Category Archives: Just Jay

Free form for self assessment and career development


Goals provide the motivation for self-directed learning. Writing down career goals makes it more likely you will attain them.

Participants in The Aha! Project asked for a structured way to go about self-assessment and goal-setting.

We developed this Learning Plan template to lead them through the process. Feel free to use it. If you have feedback, we’ll be glad to hear it.form

Learning Plan Template in pdf  |  Learning Plan Template in MS Word

Don’t Smoke

Don’t Smoke.

A friend confided she’s taken up smoking again.

Whoa! Full stop! Nicotine is a mind-altering trickster. It will kill you. Painfully. The short-term buzz is not worth the long-term consequences.

I gave it up 30 years ago after 20 years of Luckies, Camels, Gaulois, and worse. Here’s my Journal‘s notice of the day I quit.

Don’t smoke.

New Book: Aha! 75 Ways to Work Smarter

cover_smallMy new book, Aha!, is for all those people we’ve made responsible for their own learning. This is the missing manual.

Aha! explains self-assessment, setting goals, dealing with feeds and flows, improving retention, curation, working out loud, social learning, and more. Each technique is backed with a practical exercise.


Aha! reveals how to:

  • Learn from experience
  • Take advantage of the latest findings from neuroscience
  • Save time by accelerating how you learn
  • Remember things faster, better, deeper
  • Adopt sound learning practices as lifelong habits
  • Form a sustainable, nurturing community
  • Use shortcuts, cheatsheets, and rules of thumb

Aha! is about how to learn for yourself. No classrooms. No instructors. No training department. Little in the way of theory. Just stuff that works.  (Although learning with your team is encouraged,)

The core focus is experiential learning and tacit knowledge. It’s learning to be all you can be rather than amassing more content.

I expect Aha! to have more impact than my previous book, Informal Learning. There are tens of millions of prospects whose approach to learning has been seat-of-the-pants. Aha! can double their learning effectiveness.

The beta electronic version is available now for $2.99. The soft-cover edition will be available next month for $16.00.

The beta edition is the complete 170-page book that is going into print, with one exception. The content will always be fresher. Aha! is updated frequently. The electronic version is a snapshot of the most recent text.

Here’s a summary of Aha!, the table of contents and an overview of The Aha! Project.

The wake-up call

dogMonday morning. Flirt, the happiest miniature longhaired dachshund in the world, shakes all over with tail-flapping enthusiasm to wake me up. On auto-pilot, I arise, brush my teeth, and take the garbage and recycling out to the curb. I brew a cup of tea.

Undoubtedly email has arrived overnight. Phone messages await my pick-up. The day’s New York Times has interesting stories to read. I sip my tea. I write these words. I contemplate what I want to accomplish today. The interruptions can wait.

Each of us has a choice of what we think about, what we learn, and what we do. Our minds are an inner sanctuary to which we alone possess the key. No one else will ever see what’s inside. It’s ours alone. Private.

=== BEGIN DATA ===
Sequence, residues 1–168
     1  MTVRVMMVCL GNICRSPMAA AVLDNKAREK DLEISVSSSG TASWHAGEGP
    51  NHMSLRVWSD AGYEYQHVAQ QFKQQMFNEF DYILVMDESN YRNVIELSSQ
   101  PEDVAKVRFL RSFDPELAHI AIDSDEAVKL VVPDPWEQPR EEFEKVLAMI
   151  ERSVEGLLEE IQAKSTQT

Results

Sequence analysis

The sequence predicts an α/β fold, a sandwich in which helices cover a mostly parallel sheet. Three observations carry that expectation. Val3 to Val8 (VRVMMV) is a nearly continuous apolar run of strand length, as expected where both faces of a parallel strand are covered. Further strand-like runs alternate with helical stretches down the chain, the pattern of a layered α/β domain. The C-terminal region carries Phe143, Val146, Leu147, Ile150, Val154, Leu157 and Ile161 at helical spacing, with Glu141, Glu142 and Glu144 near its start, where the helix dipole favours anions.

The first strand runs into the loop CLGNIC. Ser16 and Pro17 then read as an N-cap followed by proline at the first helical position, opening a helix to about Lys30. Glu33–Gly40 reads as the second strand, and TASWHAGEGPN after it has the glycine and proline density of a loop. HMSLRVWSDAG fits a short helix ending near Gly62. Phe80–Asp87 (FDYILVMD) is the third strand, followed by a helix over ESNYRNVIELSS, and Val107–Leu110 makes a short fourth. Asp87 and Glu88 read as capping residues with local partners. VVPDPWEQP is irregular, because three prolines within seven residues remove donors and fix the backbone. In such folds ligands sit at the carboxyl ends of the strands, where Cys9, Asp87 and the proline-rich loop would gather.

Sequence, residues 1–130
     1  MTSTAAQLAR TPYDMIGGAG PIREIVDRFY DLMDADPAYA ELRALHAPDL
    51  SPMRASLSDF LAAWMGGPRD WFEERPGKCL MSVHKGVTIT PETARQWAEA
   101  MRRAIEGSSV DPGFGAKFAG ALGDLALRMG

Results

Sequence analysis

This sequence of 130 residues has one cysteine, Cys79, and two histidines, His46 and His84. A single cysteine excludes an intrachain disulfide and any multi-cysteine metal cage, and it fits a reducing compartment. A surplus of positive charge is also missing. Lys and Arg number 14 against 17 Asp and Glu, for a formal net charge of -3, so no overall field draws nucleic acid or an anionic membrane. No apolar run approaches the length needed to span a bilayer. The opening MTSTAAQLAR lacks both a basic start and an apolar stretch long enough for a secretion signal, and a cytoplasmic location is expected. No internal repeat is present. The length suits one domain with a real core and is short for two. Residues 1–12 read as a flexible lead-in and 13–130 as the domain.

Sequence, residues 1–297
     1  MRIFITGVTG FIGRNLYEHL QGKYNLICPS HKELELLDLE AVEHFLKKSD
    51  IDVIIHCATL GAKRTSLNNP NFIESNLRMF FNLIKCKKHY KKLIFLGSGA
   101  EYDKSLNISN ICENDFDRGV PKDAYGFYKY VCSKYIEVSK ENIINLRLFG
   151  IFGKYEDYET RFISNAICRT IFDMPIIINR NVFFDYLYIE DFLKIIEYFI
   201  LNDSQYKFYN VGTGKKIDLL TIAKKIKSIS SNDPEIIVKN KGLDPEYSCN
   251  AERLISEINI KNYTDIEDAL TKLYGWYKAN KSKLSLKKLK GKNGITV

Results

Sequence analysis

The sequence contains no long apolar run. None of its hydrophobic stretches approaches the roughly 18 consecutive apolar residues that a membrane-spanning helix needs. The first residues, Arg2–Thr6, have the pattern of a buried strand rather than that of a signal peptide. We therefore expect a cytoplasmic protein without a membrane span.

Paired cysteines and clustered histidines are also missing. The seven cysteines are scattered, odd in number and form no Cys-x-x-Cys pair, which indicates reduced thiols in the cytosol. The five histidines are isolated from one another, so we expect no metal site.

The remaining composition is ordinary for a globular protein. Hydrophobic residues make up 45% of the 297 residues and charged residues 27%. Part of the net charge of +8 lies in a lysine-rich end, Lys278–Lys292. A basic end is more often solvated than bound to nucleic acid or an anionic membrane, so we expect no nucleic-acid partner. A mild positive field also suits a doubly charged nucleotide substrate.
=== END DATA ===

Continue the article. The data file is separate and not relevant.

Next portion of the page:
“each of us is at the center of the universe
so is everyone else”

e.e. cummings

Less than 99% of the light, sound, taste, and touch that bombard our senses ever make it into our consciousness. Behind the curtain of awareness, our minds take a snippet of this and a smidgen of that, connect the dots, and play the internal movie we experience as reality. Your mind’s eye and mine see different worlds. Reality is all in our heads.

“Reality is an illusion, albeit a persistent one.
Albert Einstein

Listen to what’s going on in your head at this moment. There’s a conversation in there. It’s about that inner movie.

You can listen in or you can join the conversation. You can let the inner voice prattle on, making comments sparked by your inner movie. Or, if you like, you can actively participate in the conversation.

We’re working with neurons here, not film. You can influence the script writer, make suggestions to the director, and edit out things you don’t want to see.

Young thoughts need shelter from the elements to grow. I nurture my thoughts in the morning, before the cacophany of ringing phones, flashing lights, and FedEx trucks tries to make me a passive listener in my inner conversation.

Asked whether he didn’t hate the Chinese, the Dalai Lama responded, “They have taken my country. Why should I let them take my mind?”

There are few absolutes in life. Success requires balancing your inner self and new sensations.

You don’t want to shut out all the interrupters knocking on the door. The hot stove may not be what you think, but don’t put your hand on the burner.

You must revere your inner mind and believe that you are more than a mere pebble in the stream. If you don’t know where you’re going, you’re unlikely to reach an enjoyable destination.

That’s what the Aha! book will be about, help for people to get better, faster.


Roadtrip! What’s the coolest thing between Berkeley and Kansas City?

A dozen days from now, Uta and I will pack the dogs into the car and drive the 1800 miles from Berkeley to Kansas City, Missouri. After ten days at our son’s new house, we’ll drive the long way back via Mount Rushmore, Yellowstone, and Grand Tetons.